·Table of Contents ·Materials Characterization and testing | Statistical Void analysis from CT Imagery with Applications to Damage Evolution in an AM60B Magnesium AlloyAmy M. Waters, Harry E. Martz, Kenneth W. Dolan. ,Lawrence Livermore National Laboratory Livermore, CA 94550 USA Mark F. Horstemeyer Lawrence Livermore National Laboratory Livermore, CA 94550 USA Permanent address Sandia National Laboratory, Livermore, CA 94550 Robert E. Green, Jr Lawrence Livermore National Laboratory Livermore, CA 94550 USA Permanent address Center for Nondestructive Evaluation, 102 Maryland Hall, The Johns Hopkins University, Baltimore MD 21218 Contact |
^{1} This work is supported by and is performed under the auspices of the U.S. Department of Energy by the LLNL under contract W-7405-ENG-48
Fig 1: Representative CT slices from sample H24 at 60% of failure load. The image to the left is a CT slice through the y-axis (note that it consists of 6 separate CT scans stacked together), and the image on the right is a CT slice through the z-axis. |
The 3-D CT volumes were segmented using a simple threshold, and then inverted and masked, resulting in a 3-D binary volume, with voids equal to 1, and material equal to 0. We performed a 3-D cluster analysis routine on the segmented volume which labeled connected voxels [4]. We then selected only those clusters containing more than 100 connected voxels for further statistical analysis. This corresponds to a minimum void volume of 1.33 x 10^{-5} mm^{3}, equivalent to a cube of dimension 0.110-mm (4.64 pixels) on a side. These voids were then selected and moved to a clean volume of identical size containing only the voids larger than 1.33 x 10^{-5} mm^{3}, where further analysis was performed. The centroid of each of these voids was calculated, and the 3-D nearest neighbor distance for each void was determined. Void size distributions and nearest neighbor distance distributions are shown in Figure 2 for one tensile bar after each loading.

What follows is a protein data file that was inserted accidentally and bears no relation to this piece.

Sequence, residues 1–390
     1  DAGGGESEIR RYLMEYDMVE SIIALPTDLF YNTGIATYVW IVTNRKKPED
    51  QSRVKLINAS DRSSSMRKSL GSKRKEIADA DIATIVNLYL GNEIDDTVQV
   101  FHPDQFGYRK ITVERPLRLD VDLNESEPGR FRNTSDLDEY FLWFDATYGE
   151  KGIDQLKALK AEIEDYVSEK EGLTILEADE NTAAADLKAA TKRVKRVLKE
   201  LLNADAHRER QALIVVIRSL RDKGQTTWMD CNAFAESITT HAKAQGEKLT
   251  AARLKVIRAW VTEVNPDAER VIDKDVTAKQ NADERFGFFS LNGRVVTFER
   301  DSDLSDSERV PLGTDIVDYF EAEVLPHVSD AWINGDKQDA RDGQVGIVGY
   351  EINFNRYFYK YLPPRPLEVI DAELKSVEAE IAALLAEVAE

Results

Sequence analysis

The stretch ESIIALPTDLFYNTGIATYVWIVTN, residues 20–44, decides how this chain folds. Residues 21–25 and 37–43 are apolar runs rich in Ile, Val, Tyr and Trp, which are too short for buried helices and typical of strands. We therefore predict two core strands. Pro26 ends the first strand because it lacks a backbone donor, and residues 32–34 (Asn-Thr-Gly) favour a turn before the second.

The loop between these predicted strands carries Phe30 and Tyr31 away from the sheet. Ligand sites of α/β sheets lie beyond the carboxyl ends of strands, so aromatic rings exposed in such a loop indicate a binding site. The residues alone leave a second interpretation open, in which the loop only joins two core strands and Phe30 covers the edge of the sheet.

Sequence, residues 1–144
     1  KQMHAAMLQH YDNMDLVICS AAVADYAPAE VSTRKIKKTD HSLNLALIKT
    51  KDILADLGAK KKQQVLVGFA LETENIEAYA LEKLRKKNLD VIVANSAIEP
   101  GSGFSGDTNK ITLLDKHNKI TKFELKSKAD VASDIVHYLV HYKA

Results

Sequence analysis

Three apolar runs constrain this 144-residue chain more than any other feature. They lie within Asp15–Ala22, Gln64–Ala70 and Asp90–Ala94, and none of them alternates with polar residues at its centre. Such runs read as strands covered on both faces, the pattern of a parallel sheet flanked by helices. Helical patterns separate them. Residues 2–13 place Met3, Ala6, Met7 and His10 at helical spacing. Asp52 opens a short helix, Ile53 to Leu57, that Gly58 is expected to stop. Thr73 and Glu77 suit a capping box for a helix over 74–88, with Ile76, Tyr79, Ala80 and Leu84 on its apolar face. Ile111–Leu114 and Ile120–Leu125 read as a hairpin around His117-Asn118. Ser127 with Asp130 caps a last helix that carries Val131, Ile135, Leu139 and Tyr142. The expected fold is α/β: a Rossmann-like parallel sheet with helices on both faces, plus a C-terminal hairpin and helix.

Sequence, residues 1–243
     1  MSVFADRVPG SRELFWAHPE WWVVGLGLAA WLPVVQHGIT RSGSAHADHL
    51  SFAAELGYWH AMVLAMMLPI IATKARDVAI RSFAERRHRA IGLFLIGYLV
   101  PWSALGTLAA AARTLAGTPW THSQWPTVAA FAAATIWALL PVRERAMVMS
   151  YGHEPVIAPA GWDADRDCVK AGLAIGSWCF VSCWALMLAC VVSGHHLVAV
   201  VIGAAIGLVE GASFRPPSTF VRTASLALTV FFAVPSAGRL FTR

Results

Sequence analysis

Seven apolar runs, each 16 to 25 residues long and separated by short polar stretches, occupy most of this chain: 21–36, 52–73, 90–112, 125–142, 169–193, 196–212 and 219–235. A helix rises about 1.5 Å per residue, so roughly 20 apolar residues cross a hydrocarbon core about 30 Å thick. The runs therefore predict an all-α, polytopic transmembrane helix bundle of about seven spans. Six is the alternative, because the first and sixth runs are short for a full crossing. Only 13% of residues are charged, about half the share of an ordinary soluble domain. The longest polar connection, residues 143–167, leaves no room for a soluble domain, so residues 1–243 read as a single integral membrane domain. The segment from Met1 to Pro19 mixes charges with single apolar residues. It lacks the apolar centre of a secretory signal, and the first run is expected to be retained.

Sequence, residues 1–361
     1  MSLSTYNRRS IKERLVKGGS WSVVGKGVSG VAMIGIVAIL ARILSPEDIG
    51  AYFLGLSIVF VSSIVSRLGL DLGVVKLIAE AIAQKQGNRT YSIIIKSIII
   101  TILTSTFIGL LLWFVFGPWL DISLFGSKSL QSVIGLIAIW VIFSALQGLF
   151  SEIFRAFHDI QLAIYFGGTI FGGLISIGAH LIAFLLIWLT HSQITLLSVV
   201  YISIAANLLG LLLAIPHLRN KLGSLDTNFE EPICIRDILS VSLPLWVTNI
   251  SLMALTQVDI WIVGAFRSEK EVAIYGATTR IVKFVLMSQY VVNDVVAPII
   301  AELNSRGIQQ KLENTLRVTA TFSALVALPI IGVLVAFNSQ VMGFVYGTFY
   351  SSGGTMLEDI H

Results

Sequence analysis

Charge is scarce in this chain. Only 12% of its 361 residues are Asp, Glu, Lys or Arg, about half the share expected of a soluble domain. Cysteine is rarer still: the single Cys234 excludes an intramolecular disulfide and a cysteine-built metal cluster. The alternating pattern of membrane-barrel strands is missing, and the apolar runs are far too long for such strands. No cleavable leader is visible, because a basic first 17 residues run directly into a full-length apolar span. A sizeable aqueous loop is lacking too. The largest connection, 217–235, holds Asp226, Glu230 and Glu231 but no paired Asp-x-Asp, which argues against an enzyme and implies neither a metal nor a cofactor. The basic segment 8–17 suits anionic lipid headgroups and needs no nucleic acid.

Fig 2: Nearest neighbor distance distribution, and void size probability plots for one tensile bar (H24) after each loading. Note the shape of the distributions does not appear to change significantly with load. |
Several additional statistical parameters were determined for each of the three tensile bars. Table 1 shows some void statistics calculated for one tensile bar at 4 loading conditions and failure.
Sample Number | Number of voids/mm^{3} | Avg. void vol (mm^{3}) | Median void vol (mm^{3}) | Avg. Near. Neighbor Dist (mm) | Max Void vol (mm^{3}) |
H24-1 (60%) | 0.394 | 0.00522 ± 0.00685 | 0.00244 | 0.687± 0.3978 | 0.04614 |
H24-2 (87%) | 0.432 | 0.00602 ± 0.00985 | 0.00278 | 0.6593 ± 0.3525 | 0.09361 |
H24-3 (93%) | 0.353 | 0.00632 ± 0.01218 | 0.00295 | 0.6754 ± 0.3778 | 0.13840 |
H24-4 (95%) | 0.372 | 0.00664 ± 0.01473 | 0.00272 | 0.6795 ± 0.3976 | 0.13909 |
H24-5*(failure) | N/A | 0.00597 ± 0.01652 | 0.00253 | 0.7097 ± 0.4215 | 0.19868 |
Table 1: Void statistics for sample H24 loaded and scanned 5 times. The minimum void volume used in this analysis was 1.33 x 10^{-5} mm^{3}. |
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